Silent Witness, Photography in the Modern Age by Robert Abramson

'Epoche is a Greek term that describes the theoretical moment where all belief in the existence of the real world, and consequently all action in the real world, is suspended...this concept was developed by Aristotle and plays an implicit role in skeptical thought, as in René Descartes' radical epistemic principle of methodic doubt. The prominent phenomenological philosopher Edmund Husserl picks up the notion of 'phenomenological epoché' in his influential work Cartesian Meditations where the world is 'lost in order to be regained through placing the epoche and thereby 'bracketing' the world.'

Once while I was standing in front of the instant photo booth in the Gare de Lyon in Paris, a fellow emerged from the booth to wait for his photographs. I was there long enough for the machine to make the expected noise indicting that the process had ended and the photos were about to emerge. In a moment the strip of black and white squares dropped into the retrieval bin. The fellow removed the photos and studied them with amused look. Finally, unable to keep his amusement to himself he asked me "I don't look like this, do I"? The machine had apparently malfunctioned while processing the previous sitter's portraits and she had left, assuming she would never see the photo results. It was due to anticipation of one result and getting another, and the exaggerated difference that the incident became so hilarious for both of us.

The photographic image is proof of two things. One, the world really exists and two, we will never know that real world; we are sure it exists and we are sure we do not and will not know it. The photographic image is not just a sliver of the moving time/space but, too, it is a desiccated segment of that Now. The moment is Real but by capturing it with an instrument it becomes an illusion, a wonderful contrivance.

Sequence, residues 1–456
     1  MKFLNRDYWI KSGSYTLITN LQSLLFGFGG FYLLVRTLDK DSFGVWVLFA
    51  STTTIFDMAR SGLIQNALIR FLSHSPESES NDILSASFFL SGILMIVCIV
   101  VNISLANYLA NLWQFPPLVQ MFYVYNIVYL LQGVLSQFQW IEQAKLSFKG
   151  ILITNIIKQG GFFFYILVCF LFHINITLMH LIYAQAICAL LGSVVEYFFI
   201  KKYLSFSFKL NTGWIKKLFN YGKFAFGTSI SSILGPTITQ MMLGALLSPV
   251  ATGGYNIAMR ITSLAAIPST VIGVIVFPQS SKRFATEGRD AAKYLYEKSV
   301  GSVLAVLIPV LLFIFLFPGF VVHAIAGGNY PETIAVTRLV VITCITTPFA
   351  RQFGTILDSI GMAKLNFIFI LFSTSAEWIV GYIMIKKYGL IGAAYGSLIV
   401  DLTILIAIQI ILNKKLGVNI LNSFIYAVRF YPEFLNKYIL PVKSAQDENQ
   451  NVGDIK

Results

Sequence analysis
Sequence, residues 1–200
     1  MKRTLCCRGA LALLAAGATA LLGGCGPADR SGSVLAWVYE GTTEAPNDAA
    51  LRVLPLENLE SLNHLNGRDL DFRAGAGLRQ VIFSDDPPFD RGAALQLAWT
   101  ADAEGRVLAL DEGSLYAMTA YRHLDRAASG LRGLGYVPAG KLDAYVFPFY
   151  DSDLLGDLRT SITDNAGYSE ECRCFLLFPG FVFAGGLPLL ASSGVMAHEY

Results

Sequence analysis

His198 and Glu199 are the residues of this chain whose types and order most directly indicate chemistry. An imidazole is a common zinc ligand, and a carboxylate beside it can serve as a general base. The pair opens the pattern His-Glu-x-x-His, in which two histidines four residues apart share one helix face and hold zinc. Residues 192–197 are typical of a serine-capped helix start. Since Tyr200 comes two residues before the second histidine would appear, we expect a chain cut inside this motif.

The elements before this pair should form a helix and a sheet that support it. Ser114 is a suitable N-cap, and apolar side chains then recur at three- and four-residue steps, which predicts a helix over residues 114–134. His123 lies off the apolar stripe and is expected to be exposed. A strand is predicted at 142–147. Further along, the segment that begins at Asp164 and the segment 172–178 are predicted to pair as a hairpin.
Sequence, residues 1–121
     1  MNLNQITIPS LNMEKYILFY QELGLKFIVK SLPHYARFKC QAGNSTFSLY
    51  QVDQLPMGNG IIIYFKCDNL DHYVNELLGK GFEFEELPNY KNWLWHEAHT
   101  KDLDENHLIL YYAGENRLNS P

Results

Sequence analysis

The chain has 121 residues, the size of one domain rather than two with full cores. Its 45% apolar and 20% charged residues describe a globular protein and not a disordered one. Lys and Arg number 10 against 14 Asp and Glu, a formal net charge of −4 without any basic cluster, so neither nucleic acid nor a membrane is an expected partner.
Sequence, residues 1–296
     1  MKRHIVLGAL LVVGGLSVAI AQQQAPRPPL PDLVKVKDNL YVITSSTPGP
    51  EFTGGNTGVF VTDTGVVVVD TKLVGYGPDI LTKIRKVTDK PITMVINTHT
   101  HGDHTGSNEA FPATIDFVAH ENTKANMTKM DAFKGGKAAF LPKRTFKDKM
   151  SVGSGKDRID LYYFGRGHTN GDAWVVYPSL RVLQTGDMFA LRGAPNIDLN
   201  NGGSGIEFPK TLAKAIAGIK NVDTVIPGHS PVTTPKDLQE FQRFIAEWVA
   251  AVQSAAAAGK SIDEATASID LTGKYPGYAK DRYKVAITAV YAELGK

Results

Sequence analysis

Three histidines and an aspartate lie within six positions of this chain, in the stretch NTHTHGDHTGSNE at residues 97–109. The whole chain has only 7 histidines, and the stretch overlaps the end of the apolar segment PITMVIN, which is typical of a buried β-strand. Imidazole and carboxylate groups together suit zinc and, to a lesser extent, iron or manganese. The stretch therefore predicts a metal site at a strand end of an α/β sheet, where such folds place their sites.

Photography in the modern world has exposed a real past, not just an assumption. However, this particular past has come out of the bloodless mechanism recording the moment. There is no sound, no smell, no light imperceptibly moving through the scene; a stagnant moment. How, than, do we set the criteria of a great photo? Is it in this issue; returning the image to a state of grace or equilibrium with the flowing moment? Because the camera records as a silent witness we feel the empty space and our consciousness struggles to move it along as when a body of work is born of a theme.

Great photographers have a discernable style. Are we finding in that style the movement missing in the ordinary photographic work? Also, perhaps, a sequence of events (photo-event) plays a role. If the viewer can feel a causal connection to oneself, or the Past moment in the illusion of the photo (a part of the force of what is implicit in the photo) then something great is in the photograph. I am thinking of two great works in photography: Stiegliz's "Steerage" and Adam's "Moon over Hernandez".
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